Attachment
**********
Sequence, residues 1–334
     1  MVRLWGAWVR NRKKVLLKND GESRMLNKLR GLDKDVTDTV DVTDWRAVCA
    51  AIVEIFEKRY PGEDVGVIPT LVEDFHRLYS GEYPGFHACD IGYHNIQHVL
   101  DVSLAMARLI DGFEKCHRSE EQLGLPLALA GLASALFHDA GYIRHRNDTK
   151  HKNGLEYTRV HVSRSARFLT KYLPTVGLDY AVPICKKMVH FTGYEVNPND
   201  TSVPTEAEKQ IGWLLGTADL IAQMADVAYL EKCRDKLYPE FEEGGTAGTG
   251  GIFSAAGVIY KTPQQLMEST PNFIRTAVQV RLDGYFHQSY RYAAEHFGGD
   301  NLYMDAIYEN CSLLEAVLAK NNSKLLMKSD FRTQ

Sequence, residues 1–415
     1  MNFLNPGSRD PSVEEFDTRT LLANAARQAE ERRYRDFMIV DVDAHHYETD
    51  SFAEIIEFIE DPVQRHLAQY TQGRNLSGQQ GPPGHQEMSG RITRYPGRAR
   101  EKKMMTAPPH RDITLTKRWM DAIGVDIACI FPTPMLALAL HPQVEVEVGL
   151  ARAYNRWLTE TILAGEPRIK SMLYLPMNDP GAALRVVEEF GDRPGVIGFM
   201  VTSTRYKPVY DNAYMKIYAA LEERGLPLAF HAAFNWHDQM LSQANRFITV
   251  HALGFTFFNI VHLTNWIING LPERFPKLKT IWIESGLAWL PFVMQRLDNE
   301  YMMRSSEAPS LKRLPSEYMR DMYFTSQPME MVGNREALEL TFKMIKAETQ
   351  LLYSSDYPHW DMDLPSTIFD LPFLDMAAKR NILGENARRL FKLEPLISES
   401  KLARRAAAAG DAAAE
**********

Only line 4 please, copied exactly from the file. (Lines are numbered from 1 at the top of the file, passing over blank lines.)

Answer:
   101  DVSLAMARLI DGFEKCHRSE EQLGLPLALA GLASALFHDA GYIRHRNDTK